Having loved Tom Standage’s The Victorian Internet, I was sure this was a good time to read this book written in 2005. And yes, it was as wonderfully interesting and informative about these beverages as his earlier book was about the telegraph.
The six glasses have beer, wine, spirits, coffee, tea, and Coca-Cola in them. Rather than recount here a history of the world as it relates to these drinks, I will say that the author makes a plausible and entertaining case for the connection between each of these drinks and historical turns. I want to remember the fun bits.
He connects beer making to humans changing from hunter/gatherers to farmers. Beer was discovered when grains, originally gathered, then later grown, fermented and made a nutritious and enlivening drink. Ancient images show people drinking beer using straws to avoid the solids.
And then there was wine. Along with creating “the cradle of western thought,” the Greeks were early wine drinkers and had ritualized drinking parties that involved pleasant, adversarial intellectual discussions. They prided themselves on their “civilized” ways, in contrast to barbarians who drank beer or drank wine in an unapproved way. Much as I appreciate wine, I would say the connection between wine and becoming the cradle of western thought is a tough case to make.
Drinking distilled beer or wine proved to be a more efficient way to become intoxicated and caught on especially in northern Europe where grapes didn’t flourish. These drinks emerged as Europeans were opening sea routes and the horror of trade in sugar, rum, and enslaved people came to be. The word rum comes from rumbullion, a slang term in England meaning a brawl or violent commotion.
Rum replaced the weak beer given to sailors on ships and was watered down. The addition of sugar and lime created the drink known as grog. This drink played an unanticipated role in establishing British supremacy at sea in the eighteenth century by reducing scurvy dramatically. The French sailors drank wine, replaced by whiskey on long voyages, further reducing the Vitamin C they received. This occurred just as the British sailors were becoming more healthy due to the lime.
Then came coffee, long a favored drink in the Middle East; one objection to it in Europe was its connection to Islam. In 1605 Pope Clement was asked the Catholic Church’s position on drinking it. He approved and in 50 years coffee houses appeared. Michael Pollan’s recent piece, Caffeine; How Caffeine Created the Modern World, covered some of the territory in this piece.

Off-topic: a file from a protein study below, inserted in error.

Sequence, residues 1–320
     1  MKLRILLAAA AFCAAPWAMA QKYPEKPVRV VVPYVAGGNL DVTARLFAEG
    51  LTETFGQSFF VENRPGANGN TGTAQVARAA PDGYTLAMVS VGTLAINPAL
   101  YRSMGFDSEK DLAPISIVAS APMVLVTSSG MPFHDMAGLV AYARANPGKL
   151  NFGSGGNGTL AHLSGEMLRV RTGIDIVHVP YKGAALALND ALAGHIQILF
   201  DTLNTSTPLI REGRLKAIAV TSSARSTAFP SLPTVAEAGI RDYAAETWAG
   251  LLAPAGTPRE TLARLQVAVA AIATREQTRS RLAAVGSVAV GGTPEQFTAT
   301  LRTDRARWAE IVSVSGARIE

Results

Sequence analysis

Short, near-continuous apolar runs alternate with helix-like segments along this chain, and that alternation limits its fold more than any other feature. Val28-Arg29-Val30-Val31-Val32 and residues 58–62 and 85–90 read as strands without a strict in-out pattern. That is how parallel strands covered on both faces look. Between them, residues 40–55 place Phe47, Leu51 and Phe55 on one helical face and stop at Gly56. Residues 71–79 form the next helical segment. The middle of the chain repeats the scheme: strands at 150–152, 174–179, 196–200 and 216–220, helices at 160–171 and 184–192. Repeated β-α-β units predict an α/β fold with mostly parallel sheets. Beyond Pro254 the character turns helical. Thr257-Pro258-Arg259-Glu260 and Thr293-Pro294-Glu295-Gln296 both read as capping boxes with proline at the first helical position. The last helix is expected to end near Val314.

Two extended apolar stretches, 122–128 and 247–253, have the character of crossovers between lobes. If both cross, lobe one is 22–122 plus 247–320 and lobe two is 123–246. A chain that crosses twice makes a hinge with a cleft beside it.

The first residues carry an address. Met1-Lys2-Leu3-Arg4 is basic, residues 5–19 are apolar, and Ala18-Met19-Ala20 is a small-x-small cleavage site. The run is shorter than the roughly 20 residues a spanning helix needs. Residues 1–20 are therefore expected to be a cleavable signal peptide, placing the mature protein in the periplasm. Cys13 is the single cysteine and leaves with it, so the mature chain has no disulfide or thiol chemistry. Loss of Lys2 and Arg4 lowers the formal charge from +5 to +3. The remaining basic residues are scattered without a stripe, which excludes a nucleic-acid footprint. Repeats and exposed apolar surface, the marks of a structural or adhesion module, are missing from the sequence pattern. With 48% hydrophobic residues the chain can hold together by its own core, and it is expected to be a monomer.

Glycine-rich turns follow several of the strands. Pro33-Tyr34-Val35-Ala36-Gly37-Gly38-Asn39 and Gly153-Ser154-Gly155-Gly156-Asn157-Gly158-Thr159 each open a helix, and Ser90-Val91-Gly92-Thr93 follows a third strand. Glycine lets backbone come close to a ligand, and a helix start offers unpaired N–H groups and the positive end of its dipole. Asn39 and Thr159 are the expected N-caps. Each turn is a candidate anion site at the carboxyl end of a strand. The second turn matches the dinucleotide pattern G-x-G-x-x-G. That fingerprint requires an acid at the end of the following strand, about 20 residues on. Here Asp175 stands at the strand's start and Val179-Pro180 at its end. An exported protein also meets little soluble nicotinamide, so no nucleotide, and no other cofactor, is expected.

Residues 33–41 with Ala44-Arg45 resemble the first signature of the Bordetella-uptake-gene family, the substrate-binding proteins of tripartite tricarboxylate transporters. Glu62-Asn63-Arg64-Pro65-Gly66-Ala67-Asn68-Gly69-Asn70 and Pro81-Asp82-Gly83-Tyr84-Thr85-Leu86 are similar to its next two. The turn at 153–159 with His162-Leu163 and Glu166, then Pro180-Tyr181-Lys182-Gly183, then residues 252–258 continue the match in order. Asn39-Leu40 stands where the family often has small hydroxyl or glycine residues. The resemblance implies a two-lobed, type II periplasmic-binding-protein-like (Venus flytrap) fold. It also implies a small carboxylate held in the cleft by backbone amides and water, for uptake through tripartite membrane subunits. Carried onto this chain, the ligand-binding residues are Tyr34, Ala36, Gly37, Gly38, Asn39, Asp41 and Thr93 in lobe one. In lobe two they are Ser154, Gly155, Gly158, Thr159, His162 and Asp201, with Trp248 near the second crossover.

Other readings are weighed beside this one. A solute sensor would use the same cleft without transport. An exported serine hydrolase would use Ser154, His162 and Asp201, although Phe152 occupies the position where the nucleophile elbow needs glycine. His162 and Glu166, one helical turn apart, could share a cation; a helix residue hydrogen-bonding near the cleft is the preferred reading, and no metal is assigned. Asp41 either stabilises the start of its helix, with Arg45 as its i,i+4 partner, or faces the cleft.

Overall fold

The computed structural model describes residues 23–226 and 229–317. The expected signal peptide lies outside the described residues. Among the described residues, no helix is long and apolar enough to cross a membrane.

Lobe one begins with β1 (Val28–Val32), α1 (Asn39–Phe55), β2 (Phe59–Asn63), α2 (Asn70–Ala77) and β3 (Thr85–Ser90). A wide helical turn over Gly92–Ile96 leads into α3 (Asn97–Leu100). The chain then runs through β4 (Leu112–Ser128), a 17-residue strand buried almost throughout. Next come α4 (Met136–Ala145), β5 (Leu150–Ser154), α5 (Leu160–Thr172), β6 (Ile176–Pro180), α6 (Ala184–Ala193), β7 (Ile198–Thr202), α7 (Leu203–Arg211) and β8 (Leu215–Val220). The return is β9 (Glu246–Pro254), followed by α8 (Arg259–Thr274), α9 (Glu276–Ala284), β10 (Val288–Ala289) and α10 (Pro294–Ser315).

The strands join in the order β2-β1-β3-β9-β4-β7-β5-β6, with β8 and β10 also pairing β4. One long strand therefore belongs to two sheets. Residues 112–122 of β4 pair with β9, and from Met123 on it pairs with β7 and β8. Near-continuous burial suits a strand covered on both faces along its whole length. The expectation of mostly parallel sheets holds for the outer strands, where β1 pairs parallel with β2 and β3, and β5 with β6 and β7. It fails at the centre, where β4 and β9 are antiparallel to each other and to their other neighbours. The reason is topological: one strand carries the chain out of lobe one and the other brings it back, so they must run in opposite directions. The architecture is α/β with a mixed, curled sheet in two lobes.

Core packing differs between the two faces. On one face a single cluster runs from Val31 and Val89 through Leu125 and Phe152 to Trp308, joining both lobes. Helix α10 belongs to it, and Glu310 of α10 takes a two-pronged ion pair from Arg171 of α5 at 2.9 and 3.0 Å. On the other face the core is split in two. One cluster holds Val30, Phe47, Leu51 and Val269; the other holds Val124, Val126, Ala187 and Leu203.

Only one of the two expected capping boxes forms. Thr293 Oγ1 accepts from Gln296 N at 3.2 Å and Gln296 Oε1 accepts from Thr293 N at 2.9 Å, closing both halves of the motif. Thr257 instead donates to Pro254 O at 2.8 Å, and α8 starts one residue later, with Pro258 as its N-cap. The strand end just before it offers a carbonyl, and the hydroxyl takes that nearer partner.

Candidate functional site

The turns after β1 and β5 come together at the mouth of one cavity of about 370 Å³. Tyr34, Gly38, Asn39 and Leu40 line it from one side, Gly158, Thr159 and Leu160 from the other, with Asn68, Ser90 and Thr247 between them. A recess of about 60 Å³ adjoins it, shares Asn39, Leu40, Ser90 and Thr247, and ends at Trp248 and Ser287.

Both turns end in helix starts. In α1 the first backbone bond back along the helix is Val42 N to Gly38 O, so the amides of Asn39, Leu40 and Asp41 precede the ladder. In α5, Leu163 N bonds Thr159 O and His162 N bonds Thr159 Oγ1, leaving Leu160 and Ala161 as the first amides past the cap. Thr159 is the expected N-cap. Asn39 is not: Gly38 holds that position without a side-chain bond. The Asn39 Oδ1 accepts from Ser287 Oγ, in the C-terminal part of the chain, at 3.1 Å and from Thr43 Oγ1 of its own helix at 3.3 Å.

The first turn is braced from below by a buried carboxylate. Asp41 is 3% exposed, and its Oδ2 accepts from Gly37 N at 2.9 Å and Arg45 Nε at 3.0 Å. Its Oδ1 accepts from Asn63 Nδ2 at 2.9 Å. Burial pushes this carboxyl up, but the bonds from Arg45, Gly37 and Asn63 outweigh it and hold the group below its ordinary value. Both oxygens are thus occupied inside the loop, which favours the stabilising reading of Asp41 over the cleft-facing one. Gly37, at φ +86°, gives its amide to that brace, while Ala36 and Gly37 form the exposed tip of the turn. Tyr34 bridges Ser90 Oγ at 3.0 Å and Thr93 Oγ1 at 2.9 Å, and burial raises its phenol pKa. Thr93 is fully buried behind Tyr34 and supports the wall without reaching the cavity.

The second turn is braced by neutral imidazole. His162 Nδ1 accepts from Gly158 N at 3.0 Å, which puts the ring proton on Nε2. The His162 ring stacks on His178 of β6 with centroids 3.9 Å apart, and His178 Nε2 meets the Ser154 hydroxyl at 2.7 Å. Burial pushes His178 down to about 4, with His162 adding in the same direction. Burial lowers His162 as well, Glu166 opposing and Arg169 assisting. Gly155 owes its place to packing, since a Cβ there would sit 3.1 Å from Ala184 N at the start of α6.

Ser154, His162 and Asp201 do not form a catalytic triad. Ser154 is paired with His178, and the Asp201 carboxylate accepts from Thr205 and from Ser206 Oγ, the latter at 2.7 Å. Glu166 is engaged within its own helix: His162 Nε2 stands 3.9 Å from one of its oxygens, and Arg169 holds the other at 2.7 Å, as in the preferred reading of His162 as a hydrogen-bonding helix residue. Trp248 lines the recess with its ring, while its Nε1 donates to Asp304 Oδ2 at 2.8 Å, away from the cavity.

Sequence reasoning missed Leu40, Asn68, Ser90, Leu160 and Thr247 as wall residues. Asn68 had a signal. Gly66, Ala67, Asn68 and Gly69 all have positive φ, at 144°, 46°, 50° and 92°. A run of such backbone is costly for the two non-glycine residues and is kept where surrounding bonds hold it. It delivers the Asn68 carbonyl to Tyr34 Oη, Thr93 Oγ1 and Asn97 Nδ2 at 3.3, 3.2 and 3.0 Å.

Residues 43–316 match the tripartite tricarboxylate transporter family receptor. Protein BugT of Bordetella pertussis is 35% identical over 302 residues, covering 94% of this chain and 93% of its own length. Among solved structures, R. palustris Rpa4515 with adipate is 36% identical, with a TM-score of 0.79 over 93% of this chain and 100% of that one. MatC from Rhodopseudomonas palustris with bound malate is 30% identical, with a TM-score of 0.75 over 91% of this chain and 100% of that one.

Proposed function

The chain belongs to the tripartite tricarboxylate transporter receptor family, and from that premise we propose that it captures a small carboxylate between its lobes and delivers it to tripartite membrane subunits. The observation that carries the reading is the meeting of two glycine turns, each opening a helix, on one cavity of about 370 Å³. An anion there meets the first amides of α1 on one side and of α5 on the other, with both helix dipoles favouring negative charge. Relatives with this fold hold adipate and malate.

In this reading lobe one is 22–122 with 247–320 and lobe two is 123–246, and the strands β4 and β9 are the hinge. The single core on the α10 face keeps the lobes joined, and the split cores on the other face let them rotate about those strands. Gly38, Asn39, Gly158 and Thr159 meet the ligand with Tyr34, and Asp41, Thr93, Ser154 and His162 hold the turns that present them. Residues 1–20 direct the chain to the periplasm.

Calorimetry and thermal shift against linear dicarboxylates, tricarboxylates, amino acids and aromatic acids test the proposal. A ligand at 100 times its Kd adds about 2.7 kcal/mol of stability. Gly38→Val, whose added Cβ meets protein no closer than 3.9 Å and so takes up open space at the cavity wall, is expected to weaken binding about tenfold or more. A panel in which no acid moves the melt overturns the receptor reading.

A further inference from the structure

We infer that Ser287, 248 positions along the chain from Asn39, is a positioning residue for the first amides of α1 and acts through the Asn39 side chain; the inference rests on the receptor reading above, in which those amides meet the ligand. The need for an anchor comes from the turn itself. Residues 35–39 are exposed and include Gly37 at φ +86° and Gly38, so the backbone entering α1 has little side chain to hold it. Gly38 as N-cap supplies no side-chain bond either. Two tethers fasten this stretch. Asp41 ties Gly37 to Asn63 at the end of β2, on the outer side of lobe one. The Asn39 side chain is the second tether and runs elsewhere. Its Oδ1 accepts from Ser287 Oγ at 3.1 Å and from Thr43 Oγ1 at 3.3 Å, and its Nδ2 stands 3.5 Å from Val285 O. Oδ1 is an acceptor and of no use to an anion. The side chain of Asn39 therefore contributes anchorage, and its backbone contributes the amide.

The chapter “Tea and the British Empire” recounts the expansion of the power of Britain from the mid-eighteenth century and the role of tea. The British insisted the Chinese have plenty of opium over the objections of the government so that they could have lots of tea. Aargh. The British East India Company. More aargh.
In introducing the role of Coca-Cola, the author tells about the Incas chewing coca leaves for small amounts of cocaine, enabling them to make long treks across the Andes with little food or sleep. In 1855 cocaine was isolated and was used by western doctors to, among other things, cure addiction to heroin. A cocaine-rich drink call Vin Mariani, French wine in which coca leaves were steeped for six months, became popular in the US and Europe and was endorsed by popes, US presidents, and Queen Victoria. A man named Pemberton created a drink that used that formula and added cola extract, made from nuts of the cola plant. The drink lost the wine element and added soda water and financial machinations left it in the hands of Asa Candler in Atlanta.
One last anecdote: General Zhukov, a Soviet general powerful enough to survive Stalin, took a liking to Coca-Cola during postwar planning sessions. He asked for colorless coke so it would look like vodka; the company obliged and shipped him bottles of it with a Soviet star on it.
Tom Standage, A History of the World in Six Glasses, Walker & Co., 2005, 311 pages (I listened to the audiobook). Available in the UVa and public libraries, and from Amazon.